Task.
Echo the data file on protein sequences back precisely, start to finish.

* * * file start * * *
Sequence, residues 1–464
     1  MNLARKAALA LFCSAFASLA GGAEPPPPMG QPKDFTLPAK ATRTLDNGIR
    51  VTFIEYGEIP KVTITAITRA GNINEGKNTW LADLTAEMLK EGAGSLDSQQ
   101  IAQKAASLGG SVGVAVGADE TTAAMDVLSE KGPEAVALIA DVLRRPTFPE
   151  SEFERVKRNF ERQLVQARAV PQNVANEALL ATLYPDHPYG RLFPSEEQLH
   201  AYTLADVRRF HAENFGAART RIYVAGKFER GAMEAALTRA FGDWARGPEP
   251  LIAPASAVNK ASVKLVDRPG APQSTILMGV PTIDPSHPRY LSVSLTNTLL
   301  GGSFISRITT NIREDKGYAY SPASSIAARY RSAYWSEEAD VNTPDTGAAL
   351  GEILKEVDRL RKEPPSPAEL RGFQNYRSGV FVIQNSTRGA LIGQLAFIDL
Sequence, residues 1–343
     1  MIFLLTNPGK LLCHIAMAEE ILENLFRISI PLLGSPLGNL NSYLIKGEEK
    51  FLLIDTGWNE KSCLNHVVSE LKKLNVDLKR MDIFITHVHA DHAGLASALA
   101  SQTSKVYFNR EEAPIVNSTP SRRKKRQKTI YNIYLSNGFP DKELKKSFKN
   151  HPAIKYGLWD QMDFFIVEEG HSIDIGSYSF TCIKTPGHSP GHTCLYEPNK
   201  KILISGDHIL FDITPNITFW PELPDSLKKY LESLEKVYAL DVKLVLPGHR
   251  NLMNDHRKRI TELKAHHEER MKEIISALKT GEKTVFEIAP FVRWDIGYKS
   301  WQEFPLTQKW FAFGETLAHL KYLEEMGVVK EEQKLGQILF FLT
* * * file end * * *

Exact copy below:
Sequence, residues 1–464
     1  MNLARKAALA LFCSAFASLA GGAEPPPPMG QPKDFTLPAK ATRTLDNGIR
    51  VTFIEYGEIP KVTITAITRA GNINEGKNTW LADLTAEMLK EGAGSLDSQQ
   101  IAQKAASLGG SVGVAVGADE TTAAMDVLSE KGPEAVALIA DVLRRPTFPE
   151  SEFERVKRNF ERQLVQARAV PQNVANEALL ATLYPDHPYG RLFPSEEQLH
   201  AYTLADVRRF HAENFGAART RIYVAGKFER GAMEAALTRA FGDWARGPEP
   251  LIAPASAVNK ASVKLVDRPG APQSTILMGV PTIDPSHPRY LSVSLTNTLL
   301  GGSFISRITT NIREDKGYAY SPASSIAARY RSAYWSEEAD VNTPDTGAAL
   351  GEILKEVDRL RKEPPSPAEL RGFQNYRSGV FVIQNSTRGA LIGQLAFIDL
Sequence, residues 1–343
     1  MIFLLTNPGK LLCHIAMAEE ILENLFRISI PLLGSPLGNL NSYLIKGEEK
    51  FLLIDTGWNE KSCLNHVVSE LKKLNVDLKR MDIFITHVHA DHAGLASALA
   101  SQTSKVYFNR EEAPIVNSTP SRRKKRQKTI YNIYLSNGFP DKELKKSFKN
   151  HPAIKYGLWD QMDFFIVEEG HSIDIGSYSF TCIKTPGHSP GHTCLYEPNK
   201  KILISGDHIL FDITPNITFW PELPDSLKKY LESLEKVYAL DVKLVLPGHR
   251  NLMNDHRKRI TELKAHHEER MKEIISALKT GEKTVFEIAP FVRWDIGYKS
   301  WQEFPLTQKW FAFGETLAHL KYLEEMGVVK EEQKLGQILF FLT